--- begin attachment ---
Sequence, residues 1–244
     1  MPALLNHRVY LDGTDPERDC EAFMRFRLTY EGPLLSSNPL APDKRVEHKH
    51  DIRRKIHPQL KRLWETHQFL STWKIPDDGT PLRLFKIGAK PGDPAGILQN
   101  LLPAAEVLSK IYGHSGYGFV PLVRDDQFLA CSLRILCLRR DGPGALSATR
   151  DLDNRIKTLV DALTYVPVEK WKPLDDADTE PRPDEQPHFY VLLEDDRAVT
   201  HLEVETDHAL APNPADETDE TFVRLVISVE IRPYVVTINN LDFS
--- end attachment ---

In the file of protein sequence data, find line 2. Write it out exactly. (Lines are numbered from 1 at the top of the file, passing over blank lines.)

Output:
     1  MPALLNHRVY LDGTDPERDC EAFMRFRLTY EGPLLSSNPL APDKRVEHKH